Who are we?

In this blog, there will be a variety of material: thoughts on Bible books, book reviews, historical characters, aspects of Scottish church history and other things.

Friday, 8 September 2017

The New Jerusalem – the residents of the city (21:24-27)

John is then told that the light given to the church will influence all the nations as well as those who have authority (kings). Who are these nations and who are the kings? They are not enemy nations or hostile kings. I would suggest that the nations and the kings refer to the people of God. Here we have a fulfilment of the promise made to Abraham about the nations and royal descendants.

The people of God can be described in numerous ways. When they are described as nations, we are reminded that there will be people there from all the nations of the world and that in some way their sinless national features will remain. Yet there is not a hierarchy of nations, as if one ethnic group is more important than another.

When they are described as kings, we are reminded of the status they have – they reign with Jesus – and the focus is on their individual contributions to the life of the church as it will exist then (they bring their glory into the city). In the eternal world, there will be harmony and activity.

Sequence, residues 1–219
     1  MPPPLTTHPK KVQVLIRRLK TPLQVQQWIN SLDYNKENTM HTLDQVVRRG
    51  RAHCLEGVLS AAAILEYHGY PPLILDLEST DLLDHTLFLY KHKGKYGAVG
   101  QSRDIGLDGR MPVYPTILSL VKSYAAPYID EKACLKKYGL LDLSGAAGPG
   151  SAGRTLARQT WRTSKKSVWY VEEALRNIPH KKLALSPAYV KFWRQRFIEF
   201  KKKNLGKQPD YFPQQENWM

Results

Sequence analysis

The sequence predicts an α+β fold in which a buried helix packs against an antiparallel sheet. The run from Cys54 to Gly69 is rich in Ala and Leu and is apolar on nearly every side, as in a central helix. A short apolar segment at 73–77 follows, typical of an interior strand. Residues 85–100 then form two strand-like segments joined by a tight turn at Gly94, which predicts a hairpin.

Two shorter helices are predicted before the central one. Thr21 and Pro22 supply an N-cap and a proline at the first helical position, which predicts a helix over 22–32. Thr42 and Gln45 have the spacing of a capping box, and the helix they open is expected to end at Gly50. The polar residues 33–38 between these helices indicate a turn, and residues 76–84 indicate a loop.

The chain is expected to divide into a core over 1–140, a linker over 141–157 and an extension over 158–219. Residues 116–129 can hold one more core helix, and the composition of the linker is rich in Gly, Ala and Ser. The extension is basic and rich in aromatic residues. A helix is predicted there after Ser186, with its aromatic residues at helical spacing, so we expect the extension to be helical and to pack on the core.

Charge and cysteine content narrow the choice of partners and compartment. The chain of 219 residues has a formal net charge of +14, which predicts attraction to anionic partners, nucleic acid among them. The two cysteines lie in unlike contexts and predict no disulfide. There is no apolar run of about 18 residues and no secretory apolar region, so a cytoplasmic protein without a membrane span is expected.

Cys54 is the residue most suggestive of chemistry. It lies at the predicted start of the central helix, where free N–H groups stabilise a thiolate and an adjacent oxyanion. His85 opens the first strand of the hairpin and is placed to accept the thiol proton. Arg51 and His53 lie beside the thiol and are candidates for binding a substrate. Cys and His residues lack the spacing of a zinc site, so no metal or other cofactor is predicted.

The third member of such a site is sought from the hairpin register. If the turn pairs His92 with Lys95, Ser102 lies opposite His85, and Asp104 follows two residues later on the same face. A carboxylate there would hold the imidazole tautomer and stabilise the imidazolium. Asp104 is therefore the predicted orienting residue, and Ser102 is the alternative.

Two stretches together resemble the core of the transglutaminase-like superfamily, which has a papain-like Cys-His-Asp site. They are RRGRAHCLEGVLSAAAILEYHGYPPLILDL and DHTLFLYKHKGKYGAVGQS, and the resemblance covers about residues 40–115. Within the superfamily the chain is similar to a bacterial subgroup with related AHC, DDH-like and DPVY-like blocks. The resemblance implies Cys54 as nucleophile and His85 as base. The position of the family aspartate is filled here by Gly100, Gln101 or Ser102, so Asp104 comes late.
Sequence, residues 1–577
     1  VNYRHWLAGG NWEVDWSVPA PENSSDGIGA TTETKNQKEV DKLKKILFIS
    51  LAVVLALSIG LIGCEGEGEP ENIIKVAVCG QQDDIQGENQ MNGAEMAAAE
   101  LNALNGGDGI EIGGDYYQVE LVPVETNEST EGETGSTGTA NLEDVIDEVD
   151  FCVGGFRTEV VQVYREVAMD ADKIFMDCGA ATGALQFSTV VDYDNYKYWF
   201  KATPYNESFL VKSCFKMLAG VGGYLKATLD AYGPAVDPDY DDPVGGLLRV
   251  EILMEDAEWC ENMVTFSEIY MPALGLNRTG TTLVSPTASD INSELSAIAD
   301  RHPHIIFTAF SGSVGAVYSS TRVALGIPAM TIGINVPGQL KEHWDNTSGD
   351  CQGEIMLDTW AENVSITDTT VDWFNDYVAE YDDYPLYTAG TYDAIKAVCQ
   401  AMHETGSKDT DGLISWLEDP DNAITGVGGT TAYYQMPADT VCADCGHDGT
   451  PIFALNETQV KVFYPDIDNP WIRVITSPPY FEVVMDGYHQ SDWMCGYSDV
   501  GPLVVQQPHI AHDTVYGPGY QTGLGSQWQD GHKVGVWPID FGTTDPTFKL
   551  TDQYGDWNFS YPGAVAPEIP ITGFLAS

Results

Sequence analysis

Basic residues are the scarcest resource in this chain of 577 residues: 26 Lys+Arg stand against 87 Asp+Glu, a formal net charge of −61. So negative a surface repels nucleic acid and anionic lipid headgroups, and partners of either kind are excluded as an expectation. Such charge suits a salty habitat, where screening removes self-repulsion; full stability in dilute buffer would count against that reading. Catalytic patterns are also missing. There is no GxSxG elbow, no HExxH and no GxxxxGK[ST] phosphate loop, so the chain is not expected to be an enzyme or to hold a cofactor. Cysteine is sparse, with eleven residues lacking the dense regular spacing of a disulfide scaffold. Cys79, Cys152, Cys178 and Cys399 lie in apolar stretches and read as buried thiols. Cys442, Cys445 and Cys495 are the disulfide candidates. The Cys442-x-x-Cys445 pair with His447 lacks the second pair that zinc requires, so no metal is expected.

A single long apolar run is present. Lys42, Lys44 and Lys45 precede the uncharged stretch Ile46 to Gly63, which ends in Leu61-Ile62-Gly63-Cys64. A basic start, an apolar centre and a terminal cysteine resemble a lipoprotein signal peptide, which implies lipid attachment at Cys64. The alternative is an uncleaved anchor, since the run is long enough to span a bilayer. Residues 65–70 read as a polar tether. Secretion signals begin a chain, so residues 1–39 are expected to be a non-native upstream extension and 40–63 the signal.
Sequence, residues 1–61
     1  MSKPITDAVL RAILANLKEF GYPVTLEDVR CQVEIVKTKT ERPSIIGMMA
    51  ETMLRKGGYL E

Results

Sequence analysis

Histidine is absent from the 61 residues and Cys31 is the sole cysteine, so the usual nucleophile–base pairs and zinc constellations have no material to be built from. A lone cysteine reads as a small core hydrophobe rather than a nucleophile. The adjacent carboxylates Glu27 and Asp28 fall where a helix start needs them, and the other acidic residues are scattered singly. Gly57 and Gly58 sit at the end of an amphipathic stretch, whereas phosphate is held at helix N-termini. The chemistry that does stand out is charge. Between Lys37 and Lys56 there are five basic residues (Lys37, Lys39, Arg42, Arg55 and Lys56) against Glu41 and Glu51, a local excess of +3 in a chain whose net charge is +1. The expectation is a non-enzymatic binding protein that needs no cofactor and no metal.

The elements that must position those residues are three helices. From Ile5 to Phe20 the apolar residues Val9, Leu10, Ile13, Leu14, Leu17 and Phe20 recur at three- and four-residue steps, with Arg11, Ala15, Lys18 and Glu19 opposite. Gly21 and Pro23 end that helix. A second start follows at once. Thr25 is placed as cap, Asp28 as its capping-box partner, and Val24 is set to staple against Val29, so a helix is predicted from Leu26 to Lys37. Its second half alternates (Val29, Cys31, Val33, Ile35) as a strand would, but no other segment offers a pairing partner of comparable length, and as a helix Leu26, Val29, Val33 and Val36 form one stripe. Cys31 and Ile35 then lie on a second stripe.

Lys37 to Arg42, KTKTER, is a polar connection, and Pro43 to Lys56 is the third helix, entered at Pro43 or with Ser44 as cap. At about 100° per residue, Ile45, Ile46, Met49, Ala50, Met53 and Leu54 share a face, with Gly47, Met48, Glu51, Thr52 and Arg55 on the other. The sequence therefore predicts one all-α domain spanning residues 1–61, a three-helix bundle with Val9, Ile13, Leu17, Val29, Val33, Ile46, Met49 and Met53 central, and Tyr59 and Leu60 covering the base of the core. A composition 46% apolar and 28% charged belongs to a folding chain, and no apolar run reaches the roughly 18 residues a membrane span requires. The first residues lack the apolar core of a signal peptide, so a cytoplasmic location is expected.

We are then told about two aspects of earthly life that will not exist in the church in eternity. First, there will be no night. Night-time was when the gates of a city were shut because that was the time when enemies could sneak in under the cover of darkness. In this life, the church often has nights when her enemies cause havoc. But that will not happen in the world to come.

Moreover, nothing unclean will enter the city, and this term describes people who engage in sinful practices. This is a reminder that the members of the church will then be entirely holy. In this life, it is often the case that tares are mixed up with the wheat and sometimes it is hard to tell the difference between them. Nothing sinful will exist in the future perfect church.

John is reminded that there is an exact register of the inhabitants of the city. I suppose we are being told the same point as is stated when mentioning the unclean. It is possible to be on a church roll and not to be listed in the book of life. Again, in the ancient world, the authorities did not know exactly who lived within a city (a bit like the problem today connected to immigration). But the names of the church in eternity will correspond to the Lamb’s book of life. 

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